“DBT generates three-dimensional images of the breast, allowing physicians to see the breast from more angles and in greater detail. 3D imaging is especially recommended for women with dense breasts because traditional two-dimensional often cannot produce a clear image when high-density tissue is present.”

Dr. Bennett noted that while DBT is generally preferable to standard mammography, the reverse may be true in rare situations, such as when women are unable to hold still for DBT.

MNT also spoke with Dr. Liane Philpotts, FACR, professor of Radiology and Biomedical Imaging at Yale School of Medicine, Section Chief of the Breast Imaging Eastern Region at Smilow Cancer Hospital and co-author of Breast Tomosynthesis, not involved in the study.

Dr. Philpotts said:

“For patients with predominantly fatty breasts (density A), 2D mammography will usually suffice. As soon as there is some fibro glandular breast density, DBT ’sees’ through the tissue better, resulting in more cancers detected and fewer [incorrect results]. Also, for women with dense breasts, having supplemental screening- via ultrasound or MRI, for example- has been shown that the advantages of DBT may not be as great.”

When asked about the limitations of the findings, Dr. Chen told MNT:

“A limitation of the study is that it is retrospective and observational. The researchers used data from women screened with 2D during an earlier period and compared it to those screened with 3D more recently, which means there is not an absolute comparison of the same cohort.”

“Additionally, because the 2D data lacked important patient characteristics, including breast density, race, and screening intervals, the population study group was not randomized, and there may have been selection bias. Also, the characteristics of detected cancers were not evaluated, and long-term outcomes for the 3D patients were not studied. Further research on the long-term benefits of 3D is important.” she added.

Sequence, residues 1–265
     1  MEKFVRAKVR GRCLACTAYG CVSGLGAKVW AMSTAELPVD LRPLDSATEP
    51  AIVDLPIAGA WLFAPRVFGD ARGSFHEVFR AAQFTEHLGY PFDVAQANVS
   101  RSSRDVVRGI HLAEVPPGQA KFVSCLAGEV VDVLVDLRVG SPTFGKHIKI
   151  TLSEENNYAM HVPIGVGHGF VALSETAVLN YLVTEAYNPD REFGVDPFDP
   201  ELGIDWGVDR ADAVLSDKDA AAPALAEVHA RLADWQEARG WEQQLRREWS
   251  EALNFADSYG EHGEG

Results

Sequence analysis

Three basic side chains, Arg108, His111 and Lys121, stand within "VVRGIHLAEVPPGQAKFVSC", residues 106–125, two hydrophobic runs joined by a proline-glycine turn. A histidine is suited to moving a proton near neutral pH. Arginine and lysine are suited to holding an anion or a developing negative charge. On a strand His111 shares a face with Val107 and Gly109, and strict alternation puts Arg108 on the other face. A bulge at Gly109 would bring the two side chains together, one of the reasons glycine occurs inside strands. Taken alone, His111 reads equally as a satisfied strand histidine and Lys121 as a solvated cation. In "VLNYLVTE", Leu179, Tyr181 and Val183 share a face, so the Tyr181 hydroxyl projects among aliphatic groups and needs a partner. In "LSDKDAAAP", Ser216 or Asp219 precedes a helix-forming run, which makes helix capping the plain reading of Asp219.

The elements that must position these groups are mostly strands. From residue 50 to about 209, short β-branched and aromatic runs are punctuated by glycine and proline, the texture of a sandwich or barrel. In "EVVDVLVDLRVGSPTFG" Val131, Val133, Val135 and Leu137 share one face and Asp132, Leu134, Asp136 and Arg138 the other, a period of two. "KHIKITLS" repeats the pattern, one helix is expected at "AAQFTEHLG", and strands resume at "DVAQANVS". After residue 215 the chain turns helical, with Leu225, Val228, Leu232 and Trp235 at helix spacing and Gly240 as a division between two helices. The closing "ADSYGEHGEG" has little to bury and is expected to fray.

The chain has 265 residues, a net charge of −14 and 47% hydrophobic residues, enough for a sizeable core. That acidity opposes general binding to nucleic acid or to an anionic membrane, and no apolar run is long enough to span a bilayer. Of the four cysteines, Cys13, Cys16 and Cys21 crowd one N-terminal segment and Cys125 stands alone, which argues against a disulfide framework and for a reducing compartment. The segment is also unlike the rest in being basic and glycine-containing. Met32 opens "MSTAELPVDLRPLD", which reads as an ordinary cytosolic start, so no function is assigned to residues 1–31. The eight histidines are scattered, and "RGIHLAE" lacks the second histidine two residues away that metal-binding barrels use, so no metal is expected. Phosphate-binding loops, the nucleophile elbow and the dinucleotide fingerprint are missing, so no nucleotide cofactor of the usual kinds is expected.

Dr. Philpotts told MNT that while DBT is preferable for most women, those with non-dense breasts may be better served by 2D mammograms alone as these require slightly less radiation.

Dr. Bennett added: “Although tomosynthesis mammograms seem preferable to standard mammography for most women, it is too early to say whether standard of care for breast cancer detection should change. A large trial is underway which randomly assigns women to either type of mammogram screening. Results from that trial should address the limitations described above and provide important information on whether the standard of care for breast cancer screening should change.”

MNT also spoke with Dr. Paul Friedman, Section Chief of Breast Imaging, Attending Radiologist, and Medical Director of the Rippel Breast Center, who was not involved in the study. Dr. Friedman told MNT:

It’s important for patients to know their risk factors for breast cancer- especially family and genetic history. Many genetic cancers can present early and be aggressive. Patients should use calculation tools provided by breast centers or online to calculate their risks. However, they should also be aware that even if they don’t have elevated risk they are still at risk for breast cancer with the general population which is significant- 1 in 8 women.”

“I would also remind patients that breast cancer detection is becoming an individualized experience and each patient in conjunction with their personal physician and radiologist may benefit from adjunct screening tools- such as ultrasound screening and Breast MRI. Not every test is the best test for every patient and it’s important to have your care tailored to what works best for you and what helps the radiologist evaluate your breast tissue the best,” he concluded.